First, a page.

Never let your face drop. Keep it constantly alive. The audience should never see you bored.
This was the message I heard for thirteen years. Whether I was mid-piroute or leaping through the air, my smile always had to be there too.
Three years after leaving the dance world behind, I stood up in front of a public speaking class to give my first speech. After I finished, all the teacher said was “Who are you?! This can’t be the same person who sat in her seat, quiet and reserved every day until now. Your face lit up!”
Growing up as a dancer affected me in multiple ways, but one of the strongest results is the subconscious effect it took on my facial expressions. It’s possible they were part of me before I began to dance, but when you start something at the age of 3 it is hard to distinguish what came first.
I’ve had everyone from a coworker to a Jamba Juice employee tell me that I am one of the happiest people they’ve ever seen. I scoff at this.
Honestly, I don’t consider myself an extremely happy person. I’ve struggled with anxiety and depression for years, so the thoughts storming through my brain are often not the happiest. I can be strongly pessimistic, angry, judgmental, and fearful. I worry more than most people. I have wounds and scars like everyone else.
But when I smile, it is rarely insincere. Even with all of those dark emotions, my ability to keep smiling is what helps me remain positive. I was trained as a dancer to never lose face, and although that led to some negative repercussions of hiding my emotions, it also taught me how to find joy despite moments of pain or fear.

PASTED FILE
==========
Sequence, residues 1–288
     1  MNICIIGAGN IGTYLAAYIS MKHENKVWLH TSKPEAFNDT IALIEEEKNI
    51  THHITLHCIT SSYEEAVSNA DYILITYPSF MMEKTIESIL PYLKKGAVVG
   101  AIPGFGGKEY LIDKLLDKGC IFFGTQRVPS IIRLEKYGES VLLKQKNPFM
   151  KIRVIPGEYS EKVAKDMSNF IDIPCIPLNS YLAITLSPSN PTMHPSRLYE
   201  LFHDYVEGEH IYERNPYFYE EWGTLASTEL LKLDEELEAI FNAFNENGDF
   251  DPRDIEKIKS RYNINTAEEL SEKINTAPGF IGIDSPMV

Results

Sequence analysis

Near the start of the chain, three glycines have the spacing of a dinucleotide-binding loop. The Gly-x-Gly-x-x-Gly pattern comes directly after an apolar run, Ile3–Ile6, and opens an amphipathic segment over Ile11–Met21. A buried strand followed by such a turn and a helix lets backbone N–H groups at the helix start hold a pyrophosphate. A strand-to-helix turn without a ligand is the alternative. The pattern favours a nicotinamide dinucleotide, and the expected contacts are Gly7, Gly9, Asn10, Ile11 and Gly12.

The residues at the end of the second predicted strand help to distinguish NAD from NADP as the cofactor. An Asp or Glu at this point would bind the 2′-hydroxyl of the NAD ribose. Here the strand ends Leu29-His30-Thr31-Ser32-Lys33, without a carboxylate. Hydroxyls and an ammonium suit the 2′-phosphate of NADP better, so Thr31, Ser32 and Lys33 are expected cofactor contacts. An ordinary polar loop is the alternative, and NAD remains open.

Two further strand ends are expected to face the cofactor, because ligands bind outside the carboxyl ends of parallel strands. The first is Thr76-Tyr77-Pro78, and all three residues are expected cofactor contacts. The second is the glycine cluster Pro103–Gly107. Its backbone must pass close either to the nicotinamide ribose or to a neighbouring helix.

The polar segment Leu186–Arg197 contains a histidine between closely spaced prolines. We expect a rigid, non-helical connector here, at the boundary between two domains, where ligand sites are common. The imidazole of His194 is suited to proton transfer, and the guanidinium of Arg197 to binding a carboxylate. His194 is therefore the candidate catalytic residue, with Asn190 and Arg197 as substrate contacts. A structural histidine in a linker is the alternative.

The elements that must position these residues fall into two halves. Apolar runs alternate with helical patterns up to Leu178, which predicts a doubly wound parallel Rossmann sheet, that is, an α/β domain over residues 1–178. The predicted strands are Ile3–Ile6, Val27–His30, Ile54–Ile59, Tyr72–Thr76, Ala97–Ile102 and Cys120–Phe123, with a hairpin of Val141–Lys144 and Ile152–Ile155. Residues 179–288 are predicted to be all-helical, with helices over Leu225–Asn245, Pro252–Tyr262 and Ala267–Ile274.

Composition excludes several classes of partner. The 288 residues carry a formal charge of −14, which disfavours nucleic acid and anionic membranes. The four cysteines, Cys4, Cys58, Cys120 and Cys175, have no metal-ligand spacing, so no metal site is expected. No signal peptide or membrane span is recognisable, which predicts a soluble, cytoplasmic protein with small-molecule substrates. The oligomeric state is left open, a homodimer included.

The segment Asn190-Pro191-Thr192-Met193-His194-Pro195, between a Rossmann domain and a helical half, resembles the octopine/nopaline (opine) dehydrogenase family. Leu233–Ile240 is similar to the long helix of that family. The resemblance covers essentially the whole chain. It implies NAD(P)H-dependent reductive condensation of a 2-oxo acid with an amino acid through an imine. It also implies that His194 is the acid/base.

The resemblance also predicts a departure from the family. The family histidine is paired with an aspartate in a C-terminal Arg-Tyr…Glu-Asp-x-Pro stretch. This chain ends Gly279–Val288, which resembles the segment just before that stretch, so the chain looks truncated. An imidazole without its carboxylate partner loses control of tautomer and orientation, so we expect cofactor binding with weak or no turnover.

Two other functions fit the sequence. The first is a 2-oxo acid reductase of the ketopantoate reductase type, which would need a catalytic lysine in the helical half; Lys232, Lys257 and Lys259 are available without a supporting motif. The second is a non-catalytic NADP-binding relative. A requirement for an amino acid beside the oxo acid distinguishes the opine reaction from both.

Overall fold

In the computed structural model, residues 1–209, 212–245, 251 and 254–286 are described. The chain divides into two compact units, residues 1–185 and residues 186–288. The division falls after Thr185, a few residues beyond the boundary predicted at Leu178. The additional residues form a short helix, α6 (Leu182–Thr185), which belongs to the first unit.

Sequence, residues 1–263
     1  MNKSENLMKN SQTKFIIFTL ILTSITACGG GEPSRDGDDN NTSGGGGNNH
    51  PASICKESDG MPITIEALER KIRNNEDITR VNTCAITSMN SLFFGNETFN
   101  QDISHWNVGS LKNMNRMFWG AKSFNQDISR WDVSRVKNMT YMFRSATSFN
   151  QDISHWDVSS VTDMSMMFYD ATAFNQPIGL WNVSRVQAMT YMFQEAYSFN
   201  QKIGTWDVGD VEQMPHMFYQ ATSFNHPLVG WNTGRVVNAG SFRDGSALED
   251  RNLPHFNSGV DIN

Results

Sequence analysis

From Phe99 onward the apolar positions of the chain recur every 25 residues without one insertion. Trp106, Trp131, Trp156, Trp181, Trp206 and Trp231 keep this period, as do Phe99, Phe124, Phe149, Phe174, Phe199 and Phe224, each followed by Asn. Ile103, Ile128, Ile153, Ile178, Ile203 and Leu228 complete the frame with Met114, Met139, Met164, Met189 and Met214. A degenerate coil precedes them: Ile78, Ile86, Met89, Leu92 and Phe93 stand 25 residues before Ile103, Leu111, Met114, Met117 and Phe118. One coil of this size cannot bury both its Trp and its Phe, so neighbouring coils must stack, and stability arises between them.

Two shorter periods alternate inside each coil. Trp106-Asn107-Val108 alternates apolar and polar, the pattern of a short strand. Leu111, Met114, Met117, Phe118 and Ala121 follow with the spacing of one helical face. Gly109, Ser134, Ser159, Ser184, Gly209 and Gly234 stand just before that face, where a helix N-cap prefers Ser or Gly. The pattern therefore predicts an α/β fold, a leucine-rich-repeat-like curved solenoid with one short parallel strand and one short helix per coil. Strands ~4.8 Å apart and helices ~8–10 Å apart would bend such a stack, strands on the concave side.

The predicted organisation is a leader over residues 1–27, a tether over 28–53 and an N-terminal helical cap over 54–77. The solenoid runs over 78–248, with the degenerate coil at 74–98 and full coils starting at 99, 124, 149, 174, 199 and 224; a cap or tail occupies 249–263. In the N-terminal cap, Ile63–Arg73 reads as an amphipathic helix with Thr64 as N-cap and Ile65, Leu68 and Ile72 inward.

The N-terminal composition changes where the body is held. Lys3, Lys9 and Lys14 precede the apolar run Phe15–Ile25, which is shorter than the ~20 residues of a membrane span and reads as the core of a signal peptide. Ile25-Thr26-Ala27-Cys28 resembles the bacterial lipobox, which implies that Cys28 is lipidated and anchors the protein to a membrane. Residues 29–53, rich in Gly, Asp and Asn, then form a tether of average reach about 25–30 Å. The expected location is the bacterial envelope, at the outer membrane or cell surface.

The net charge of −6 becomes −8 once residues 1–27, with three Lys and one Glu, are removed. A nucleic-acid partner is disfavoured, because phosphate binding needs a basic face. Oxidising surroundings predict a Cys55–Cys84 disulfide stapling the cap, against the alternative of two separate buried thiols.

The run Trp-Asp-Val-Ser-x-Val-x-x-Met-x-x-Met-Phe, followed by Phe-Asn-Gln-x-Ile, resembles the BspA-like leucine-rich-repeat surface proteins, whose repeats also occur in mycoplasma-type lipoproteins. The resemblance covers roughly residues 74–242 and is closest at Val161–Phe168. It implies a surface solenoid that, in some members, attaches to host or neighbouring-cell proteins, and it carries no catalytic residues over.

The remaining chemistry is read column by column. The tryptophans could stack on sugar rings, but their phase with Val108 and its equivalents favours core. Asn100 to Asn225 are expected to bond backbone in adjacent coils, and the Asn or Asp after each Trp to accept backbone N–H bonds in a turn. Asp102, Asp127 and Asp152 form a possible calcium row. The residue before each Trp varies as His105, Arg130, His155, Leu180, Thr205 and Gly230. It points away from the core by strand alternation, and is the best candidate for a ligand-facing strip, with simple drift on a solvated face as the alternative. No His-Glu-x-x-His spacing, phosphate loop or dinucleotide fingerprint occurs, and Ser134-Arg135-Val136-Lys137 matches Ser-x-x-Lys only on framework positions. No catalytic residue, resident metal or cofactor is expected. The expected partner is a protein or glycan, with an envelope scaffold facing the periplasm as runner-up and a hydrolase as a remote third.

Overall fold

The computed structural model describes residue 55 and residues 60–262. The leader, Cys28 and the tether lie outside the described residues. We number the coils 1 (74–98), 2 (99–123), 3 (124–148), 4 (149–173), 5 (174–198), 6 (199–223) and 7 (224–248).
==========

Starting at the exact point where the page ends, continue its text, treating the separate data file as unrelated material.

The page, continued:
There is plenty of research to back up the benefits of smiling.
In a 2011 study at the Face Research Laboratory of the University of Aberdeen, Scotland, subjects were asked to rate smiling and attractiveness. The results showed that both men and women were more attracted to images of people who made eye contact and smiled than those who did not (source: Psychology Today).
Another study released in 2012 by psychological scientists Tara Kraft and Sarah Pressman at the University of Kansas found that “smiling during brief stressors can help to reduce the intensity of the body’s stress response, regardless of whether a person actually feels happy” (source: Psychological Science).
Knowing the specifics of this research is not what makes your smiling more effective. An article in Scientific American explains, that “to reap the benefits of proactive behavioral strategies, you can’t think too much about them.” The point is, all you need to do is remember to smile.
My post yesterday was about a deep tragedy in our country right now and the grief that follows. This post is not to reduce that grief, but to remind you that a smile can go a long way. We must hope, focus on the bright spots, and find ways to face the evil around us with the powerful joy that comes from loving community.
A article called “The Science Behind the Smile” in the Harvard Business Review remarked that “we have a remarkable ability to make the best of things. Most people are more resilient than they realize.”
Do you smile a lot?
How does it effect your attitude?